COVID-19/prevention & control , Communicable Disease Control , Endocrinology , Referral and Consultation , Telemedicine , Adult , Aged , Aged, 80 and over , Ambulatory Care Facilities/organization & administration , Ambulatory Care Facilities/statistics & numerical data , COVID-19/epidemiology , COVID-19/transmission , Communicable Disease Control/methods , Communicable Disease Control/organization & administration , Cross-Sectional Studies , Disease Outbreaks , Endocrinology/methods , Endocrinology/organization & administration , Endocrinology/statistics & numerical data , Female , Humans , Italy/epidemiology , Male , Middle Aged , Outpatients/statistics & numerical data , Pandemics , Quarantine/methods , Quarantine/organization & administration , Quarantine/statistics & numerical data , Referral and Consultation/organization & administration , Referral and Consultation/statistics & numerical data , SARS-CoV-2/physiology , Telemedicine/methods , Telemedicine/organization & administration , Telemedicine/statistics & numerical data , Triage/methods , Triage/organization & administration , Triage/statistics & numerical data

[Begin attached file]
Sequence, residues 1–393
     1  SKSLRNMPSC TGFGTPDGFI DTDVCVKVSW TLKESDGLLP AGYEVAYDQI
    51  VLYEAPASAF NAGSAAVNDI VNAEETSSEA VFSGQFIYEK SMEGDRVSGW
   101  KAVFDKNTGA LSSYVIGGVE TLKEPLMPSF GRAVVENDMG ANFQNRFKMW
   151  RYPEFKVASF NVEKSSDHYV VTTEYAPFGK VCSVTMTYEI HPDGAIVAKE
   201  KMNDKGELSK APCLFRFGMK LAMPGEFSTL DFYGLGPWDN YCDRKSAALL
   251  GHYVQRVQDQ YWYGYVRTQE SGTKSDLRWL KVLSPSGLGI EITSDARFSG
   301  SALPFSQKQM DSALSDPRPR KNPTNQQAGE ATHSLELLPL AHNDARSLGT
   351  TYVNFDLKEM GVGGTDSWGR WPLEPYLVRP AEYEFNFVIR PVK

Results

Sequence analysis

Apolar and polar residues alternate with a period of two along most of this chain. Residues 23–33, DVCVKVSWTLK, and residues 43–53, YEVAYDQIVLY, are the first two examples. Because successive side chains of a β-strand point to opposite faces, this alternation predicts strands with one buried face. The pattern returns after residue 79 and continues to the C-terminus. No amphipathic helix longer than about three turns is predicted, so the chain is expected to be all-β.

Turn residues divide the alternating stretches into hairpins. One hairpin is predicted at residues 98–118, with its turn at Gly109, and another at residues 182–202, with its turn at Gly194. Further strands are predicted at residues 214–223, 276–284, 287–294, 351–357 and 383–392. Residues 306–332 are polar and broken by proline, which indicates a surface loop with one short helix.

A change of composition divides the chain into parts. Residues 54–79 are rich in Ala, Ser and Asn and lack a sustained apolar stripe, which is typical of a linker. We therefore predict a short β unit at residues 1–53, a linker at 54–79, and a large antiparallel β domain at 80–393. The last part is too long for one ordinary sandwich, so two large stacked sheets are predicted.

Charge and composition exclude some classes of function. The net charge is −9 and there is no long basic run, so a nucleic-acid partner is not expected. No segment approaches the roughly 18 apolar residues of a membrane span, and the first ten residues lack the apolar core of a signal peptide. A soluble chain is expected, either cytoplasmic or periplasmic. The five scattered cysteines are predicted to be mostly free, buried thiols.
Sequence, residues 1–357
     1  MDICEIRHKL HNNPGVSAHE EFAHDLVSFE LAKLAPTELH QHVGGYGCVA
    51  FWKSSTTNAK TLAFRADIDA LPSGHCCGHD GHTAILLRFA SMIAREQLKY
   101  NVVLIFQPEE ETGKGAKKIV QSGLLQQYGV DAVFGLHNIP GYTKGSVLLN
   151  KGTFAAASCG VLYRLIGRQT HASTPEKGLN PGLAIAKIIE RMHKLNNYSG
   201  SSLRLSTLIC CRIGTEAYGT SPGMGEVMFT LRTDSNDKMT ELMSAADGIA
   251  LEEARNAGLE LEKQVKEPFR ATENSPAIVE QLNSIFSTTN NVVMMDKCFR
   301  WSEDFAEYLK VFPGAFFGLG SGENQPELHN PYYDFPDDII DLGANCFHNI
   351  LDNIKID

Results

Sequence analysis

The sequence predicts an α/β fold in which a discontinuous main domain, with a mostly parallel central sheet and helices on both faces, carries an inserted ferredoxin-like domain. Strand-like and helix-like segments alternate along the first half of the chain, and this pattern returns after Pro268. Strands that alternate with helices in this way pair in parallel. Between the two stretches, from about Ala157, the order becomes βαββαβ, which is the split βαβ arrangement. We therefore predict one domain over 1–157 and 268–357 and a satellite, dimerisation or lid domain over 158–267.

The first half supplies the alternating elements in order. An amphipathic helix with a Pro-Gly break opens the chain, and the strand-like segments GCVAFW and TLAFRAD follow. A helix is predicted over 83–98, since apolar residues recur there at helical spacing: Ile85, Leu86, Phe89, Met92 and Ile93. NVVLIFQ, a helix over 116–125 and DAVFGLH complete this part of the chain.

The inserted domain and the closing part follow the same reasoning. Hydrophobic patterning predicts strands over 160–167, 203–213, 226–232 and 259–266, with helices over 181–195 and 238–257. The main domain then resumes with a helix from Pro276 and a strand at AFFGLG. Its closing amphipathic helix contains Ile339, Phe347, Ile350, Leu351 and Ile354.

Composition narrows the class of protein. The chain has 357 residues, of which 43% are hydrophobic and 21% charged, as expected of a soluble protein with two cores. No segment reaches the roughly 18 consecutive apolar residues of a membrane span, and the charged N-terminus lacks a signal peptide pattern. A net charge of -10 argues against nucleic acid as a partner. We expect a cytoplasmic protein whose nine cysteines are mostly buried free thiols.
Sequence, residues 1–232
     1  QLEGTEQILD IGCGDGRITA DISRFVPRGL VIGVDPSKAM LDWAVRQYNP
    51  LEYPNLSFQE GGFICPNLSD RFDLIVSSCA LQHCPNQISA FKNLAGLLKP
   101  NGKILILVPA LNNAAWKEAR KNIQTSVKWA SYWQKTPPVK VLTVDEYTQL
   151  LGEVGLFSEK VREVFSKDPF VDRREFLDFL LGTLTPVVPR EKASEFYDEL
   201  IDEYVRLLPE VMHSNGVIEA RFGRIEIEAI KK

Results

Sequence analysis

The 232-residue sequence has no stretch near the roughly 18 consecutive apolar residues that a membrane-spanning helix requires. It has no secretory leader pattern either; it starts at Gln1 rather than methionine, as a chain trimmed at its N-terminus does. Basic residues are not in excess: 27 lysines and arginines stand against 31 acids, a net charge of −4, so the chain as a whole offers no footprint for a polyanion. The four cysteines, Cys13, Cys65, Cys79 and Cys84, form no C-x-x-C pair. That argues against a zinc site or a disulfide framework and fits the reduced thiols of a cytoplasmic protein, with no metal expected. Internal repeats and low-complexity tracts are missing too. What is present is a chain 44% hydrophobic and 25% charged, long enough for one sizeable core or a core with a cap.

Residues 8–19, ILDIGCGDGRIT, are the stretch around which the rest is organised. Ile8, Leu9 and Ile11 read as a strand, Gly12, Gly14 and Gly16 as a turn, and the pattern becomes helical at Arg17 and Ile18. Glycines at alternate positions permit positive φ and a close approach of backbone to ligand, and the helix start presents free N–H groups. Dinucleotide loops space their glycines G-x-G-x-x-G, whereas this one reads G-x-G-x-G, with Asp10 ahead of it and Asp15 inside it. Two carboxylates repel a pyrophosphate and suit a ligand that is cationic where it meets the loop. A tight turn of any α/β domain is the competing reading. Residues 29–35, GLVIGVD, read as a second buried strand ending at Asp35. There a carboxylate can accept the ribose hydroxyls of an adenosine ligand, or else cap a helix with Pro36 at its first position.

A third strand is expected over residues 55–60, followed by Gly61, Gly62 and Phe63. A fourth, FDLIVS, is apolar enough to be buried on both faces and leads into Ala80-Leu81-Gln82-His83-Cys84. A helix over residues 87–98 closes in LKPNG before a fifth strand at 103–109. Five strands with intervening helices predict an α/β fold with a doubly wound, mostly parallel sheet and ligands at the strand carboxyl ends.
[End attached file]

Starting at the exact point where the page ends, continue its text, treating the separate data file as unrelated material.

10.
Am J Med Genet A ; 185(1): 68-72, 2021 01.
Article in English | MEDLINE | ID: covidwho-855991

ABSTRACT

The national importance of telemedicine for safe and effective patient care has been highlighted by the current COVID-19 pandemic. Prior to the 2020 pandemic the Division of Genetics and Metabolism piloted a telemedicine program focused on initial and follow-up visits in the patients' home. The goals were to increase access to care, decrease missed work, improve scheduling, and avoid the transport and exposure of medically fragile patients. Visits were conducted by physician medical geneticists, genetic counselors, and biochemical dietitians, together and separately. This allowed the program to develop detailed standard operating procedures. At the onset of the COVID-19 pandemic, this pilot-program was deployed by the full team of 22 providers in one business day. Two physicians remained on-site for patients requiring in-person evaluations. This model optimized patient safety and workforce preservation while providing full access to patients during a pandemic. We provide initial data on visit numbers, types of diagnoses, and no-show rates. Experience in this implementation before and during the pandemic has confirmed the effectiveness and value of telemedicine for a highly complex medical population. This program is a model that can and will be continued well-beyond the current crisis.


Subject(s)